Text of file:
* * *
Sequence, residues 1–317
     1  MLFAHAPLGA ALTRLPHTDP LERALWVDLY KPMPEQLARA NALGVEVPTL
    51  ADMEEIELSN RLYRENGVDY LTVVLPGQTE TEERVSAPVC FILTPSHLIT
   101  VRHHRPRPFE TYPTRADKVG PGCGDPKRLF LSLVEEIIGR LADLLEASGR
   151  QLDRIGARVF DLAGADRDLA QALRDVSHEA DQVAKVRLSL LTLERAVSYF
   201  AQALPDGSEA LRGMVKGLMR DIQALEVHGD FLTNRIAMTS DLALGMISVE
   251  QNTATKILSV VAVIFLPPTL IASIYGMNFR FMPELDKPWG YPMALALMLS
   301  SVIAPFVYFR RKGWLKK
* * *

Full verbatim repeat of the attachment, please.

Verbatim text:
Sequence, residues 1–317
     1  MLFAHAPLGA ALTRLPHTDP LERALWVDLY KPMPEQLARA NALGVEVPTL
    51  ADMEEIELSN RLYRENGVDY LTVVLPGQTE TEERVSAPVC FILTPSHLIT
   101  VRHHRPRPFE TYPTRADKVG PGCGDPKRLF LSLVEEIIGR LADLLEASGR
   151  QLDRIGARVF DLAGADRDLA QALRDVSHEA DQVAKVRLSL LTLERAVSYF
   201  AQALPDGSEA LRGMVKGLMR DIQALEVHGD FLTNRIAMTS DLALGMISVE
   251  QNTATKILSV VAVIFLPPTL IASIYGMNFR FMPELDKPWG YPMALALMLS
   301  SVIAPFVYFR RKGWLKK